Over the Labor Day weekend son Chris and his partner Michelle visited us. They gamboled on the lawn with their French bulldog Bibi, sat on the piazza with drinks – and we all drove to Williamstown and the great Sterling and Francine Clark Art Institute and its wonderful exhibit about Pablo Picasso’s (1881-1973) relationship to, and admiration of Edgar Degas (1834-1917). The exhibit was really fabulous. It was amazing to think that these two artists who seem so different in time, and in style, did in fact overlap, and that Picasso was such an admirer that a number of his paintings are a creative echo of some of Degas’ works.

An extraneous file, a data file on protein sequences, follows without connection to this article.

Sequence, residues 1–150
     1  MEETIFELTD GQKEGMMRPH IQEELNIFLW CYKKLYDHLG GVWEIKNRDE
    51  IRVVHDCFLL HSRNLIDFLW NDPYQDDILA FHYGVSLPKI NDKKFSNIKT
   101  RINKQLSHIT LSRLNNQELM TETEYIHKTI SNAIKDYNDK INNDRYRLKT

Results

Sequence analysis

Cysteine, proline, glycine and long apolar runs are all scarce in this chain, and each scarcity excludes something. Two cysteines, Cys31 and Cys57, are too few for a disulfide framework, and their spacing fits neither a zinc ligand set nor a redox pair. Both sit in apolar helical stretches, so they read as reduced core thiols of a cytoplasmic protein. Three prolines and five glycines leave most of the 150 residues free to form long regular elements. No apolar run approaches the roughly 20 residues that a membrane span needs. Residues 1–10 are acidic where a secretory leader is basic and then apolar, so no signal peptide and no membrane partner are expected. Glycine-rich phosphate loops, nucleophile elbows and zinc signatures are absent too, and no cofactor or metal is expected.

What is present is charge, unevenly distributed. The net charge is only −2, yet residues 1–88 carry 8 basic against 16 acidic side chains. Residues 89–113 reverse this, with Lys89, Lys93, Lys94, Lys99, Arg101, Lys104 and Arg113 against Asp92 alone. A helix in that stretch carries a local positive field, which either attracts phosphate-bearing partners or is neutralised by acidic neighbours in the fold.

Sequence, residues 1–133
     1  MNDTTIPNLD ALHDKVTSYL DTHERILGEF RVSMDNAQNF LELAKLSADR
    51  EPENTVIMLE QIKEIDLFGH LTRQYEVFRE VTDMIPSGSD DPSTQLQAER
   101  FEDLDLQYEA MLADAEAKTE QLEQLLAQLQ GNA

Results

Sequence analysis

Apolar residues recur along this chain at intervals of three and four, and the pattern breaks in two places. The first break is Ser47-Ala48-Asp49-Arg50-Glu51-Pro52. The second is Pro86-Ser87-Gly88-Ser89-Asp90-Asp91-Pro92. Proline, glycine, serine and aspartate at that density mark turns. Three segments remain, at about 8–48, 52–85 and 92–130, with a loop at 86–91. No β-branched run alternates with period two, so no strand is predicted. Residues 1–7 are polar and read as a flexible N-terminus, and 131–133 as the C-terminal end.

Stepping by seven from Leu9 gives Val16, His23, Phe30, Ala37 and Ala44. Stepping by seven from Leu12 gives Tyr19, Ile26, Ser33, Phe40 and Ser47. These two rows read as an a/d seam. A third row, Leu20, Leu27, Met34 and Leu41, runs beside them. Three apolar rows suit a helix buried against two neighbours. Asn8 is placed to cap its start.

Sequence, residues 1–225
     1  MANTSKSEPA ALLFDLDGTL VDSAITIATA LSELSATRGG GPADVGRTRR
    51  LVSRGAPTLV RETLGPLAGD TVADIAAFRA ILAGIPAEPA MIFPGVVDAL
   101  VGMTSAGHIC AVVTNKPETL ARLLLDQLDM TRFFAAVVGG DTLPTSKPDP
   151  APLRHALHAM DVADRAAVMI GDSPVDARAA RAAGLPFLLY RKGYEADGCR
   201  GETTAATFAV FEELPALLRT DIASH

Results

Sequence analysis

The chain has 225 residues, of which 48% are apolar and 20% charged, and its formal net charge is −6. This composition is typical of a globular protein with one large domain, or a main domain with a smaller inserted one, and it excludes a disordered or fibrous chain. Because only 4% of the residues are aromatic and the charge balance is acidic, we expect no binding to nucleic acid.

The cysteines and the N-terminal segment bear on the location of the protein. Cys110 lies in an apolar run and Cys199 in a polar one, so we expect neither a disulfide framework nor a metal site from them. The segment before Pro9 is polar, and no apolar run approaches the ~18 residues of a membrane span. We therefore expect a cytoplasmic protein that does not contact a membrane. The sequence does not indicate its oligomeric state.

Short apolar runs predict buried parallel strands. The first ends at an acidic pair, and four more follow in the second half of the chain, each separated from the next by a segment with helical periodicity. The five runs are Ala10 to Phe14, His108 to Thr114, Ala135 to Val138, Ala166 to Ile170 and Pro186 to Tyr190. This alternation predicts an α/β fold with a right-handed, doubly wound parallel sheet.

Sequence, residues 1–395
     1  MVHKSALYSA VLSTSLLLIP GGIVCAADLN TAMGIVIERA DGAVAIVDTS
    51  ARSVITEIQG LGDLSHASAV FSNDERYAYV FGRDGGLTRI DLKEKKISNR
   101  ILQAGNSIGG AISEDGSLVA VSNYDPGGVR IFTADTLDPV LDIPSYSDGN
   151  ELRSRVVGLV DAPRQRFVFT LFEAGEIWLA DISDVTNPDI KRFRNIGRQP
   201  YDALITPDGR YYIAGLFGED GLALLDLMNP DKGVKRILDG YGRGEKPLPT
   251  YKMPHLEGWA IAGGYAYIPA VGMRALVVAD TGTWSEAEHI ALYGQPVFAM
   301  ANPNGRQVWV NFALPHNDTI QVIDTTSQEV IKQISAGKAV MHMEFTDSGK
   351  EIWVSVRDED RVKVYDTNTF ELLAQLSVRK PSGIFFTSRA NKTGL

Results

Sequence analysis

In another gallery there was a small exhibit of John Constable (1776-1837) landscapes, like the one above, which was NOT on display. I like Constable because he worked from nature and depicted life of ordinary country people of his time. As a reader of English novels from Jane Austen on, I have my own fantasy views of the landscapes and the life that people lived in those rural areas. My views of that life, however romantic they might be, is partly what makes my life here in Heath a joy. Others may wonder how we survive on our hill which strikes so many people as isolated and rugged, but to me it is beautiful, and a place where I can concentrate on the essentials of a happy life – a loving husband, good children and grandchildren, charming and helpful neighbors and friends, a good library with good books, good food – and every other good thing. Another Englishman had it exactly right, “The world is so full of a number of things, I’m sure we should all be as happy as kings,” said Robert Louis Stevenson. And so say I.